I all alone beweep my outcast state,
And trouble deaf heaven with my bootless cries,
And look upon myself, and curse my fate,
Wishing me like to one more rich in hope,
Featured like him, like him with friends possess’d,
Desiring this man’s art, and that man’s scope,
With what I most enjoy contented least;
Yet in these thoughts myself almost despising,
Haply I think on thee, –and then my state,
Like to the lark at break of day arising
From sullen earth, sings hymns at heaven’s gate;
For thy sweet love remember’d such wealth brings
That then I scorn to change my state with kings.

Hark the Lark

From Cymbeline Act II, scene iii

Cymbeline is one of Shakespeare’s final plays. In it Imogen, the daughter of the British king Cymbeline, defies her father and marries a lowborn gentleman, Posthumus, instead of the king’s oafish stepson, Cloten. Cloten is the son of Cymbeline’s new Queen, a villainous woman who has made the king her puppet. After an all night session of gambling, Cloten appears before the door of Imogen’s chamber, as he has decided to woo her with song. He does not shine in wooing, though he rises into verse for the occasion. He hopes that his efforts will pay off and that she will accept him. The scene is rife with sexual innuendo, with Cloten uttering phrases like “…if you can penetrate her with your fingering, so; we’ll try with tongue too:…”

Hark, hark! the lark at heaven’s gate sings,
And Phoebus ‘gins arise,
His steeds to water at those springs
On chaliced flowers that lies;
And winking Mary-buds begin
To ope their golden eyes:
With every thing that pretty is,
My lady sweet, arise:
Arise, arise.

Benjamin Cooke’s (1734-1793) setting of the text is another example of an English glee. The glee developed alongside the Catch, which often exhibited vulgarity and rude virility. Composers of glees historically preferred texts that reflected the literary tastes of the middle and upper-classes. Shakespeare would seem a safe bet for a glee, but one wonders if Cooke was quite aware of the bawdy background of the scene in which the song appears or if in fact he was, and the setting of the text as a glee is an elaborate in-joke. Steven Stucky (b. 1949) certainly seems aware of Cloten’s intent. Stucky’s harmonies are bare and blatant, with two solo women’s voices reflecting the plight of Imogen, who must fend off Cloten’s boorish advances.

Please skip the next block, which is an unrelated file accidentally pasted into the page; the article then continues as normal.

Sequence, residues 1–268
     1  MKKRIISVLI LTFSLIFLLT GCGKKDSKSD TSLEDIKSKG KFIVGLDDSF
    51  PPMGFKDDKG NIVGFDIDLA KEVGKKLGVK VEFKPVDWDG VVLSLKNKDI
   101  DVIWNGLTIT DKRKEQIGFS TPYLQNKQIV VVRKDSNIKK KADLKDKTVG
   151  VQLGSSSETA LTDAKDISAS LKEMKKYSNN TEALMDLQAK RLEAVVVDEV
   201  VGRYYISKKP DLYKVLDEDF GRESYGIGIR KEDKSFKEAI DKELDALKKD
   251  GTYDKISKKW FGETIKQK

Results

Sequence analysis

After Sunset

Sonnet 73 is a sad, but vivid, reflection of the author in the Autumn of his years. The analogy of his limbs being the boughs of a tree in Autumn through which the cold wind howls replacing the birdsong of his Spring and Summer is paralleled by the analogy of the ruined churches of the Reformation where choirs used to sing. The analogy then shifts from a year to a day: he is in his life’s twilight; his sun is setting, his fire expiring, suffocated by the waste of the fuel that it once consumed. The sonnet ends with encouragement to make the most of what little time remains.

That time of year thou mayst in me behold
When yellow leaves, or none, or few, do hang
Upon those boughs which shake against the cold,
Bare ruin’d choirs, where late the sweet birds sang.
In me thou see’st the twilight of such day
As after sunset fadeth in the west;
Which by and by black night doth take away,
Death’s second self, that seals up all in rest
In me thou see’st the glowing of such fire,
That on the ashes of his youth doth lie,
As the death-bed whereon it must expire
Consum’d with that which it was nourish’d by.
This thou perceiv’st, which makes thy love more strong,
To love that well which thou must leave ere long.

O Mistress Mine

from Twelfth Night Act II, scene iii